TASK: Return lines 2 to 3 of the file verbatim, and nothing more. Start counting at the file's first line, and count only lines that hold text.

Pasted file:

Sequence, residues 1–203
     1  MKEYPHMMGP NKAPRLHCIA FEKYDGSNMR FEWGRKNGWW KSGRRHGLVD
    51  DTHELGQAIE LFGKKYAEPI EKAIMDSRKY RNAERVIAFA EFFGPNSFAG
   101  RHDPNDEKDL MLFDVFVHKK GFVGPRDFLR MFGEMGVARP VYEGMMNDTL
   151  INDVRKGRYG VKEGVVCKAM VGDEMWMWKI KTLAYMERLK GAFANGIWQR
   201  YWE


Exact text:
     1  MKEYPHMMGP NKAPRLHCIA FEKYDGSNMR FEWGRKNGWW KSGRRHGLVD
    51  DTHELGQAIE LFGKKYAEPI EKAIMDSRKY RNAERVIAFA EFFGPNSFAG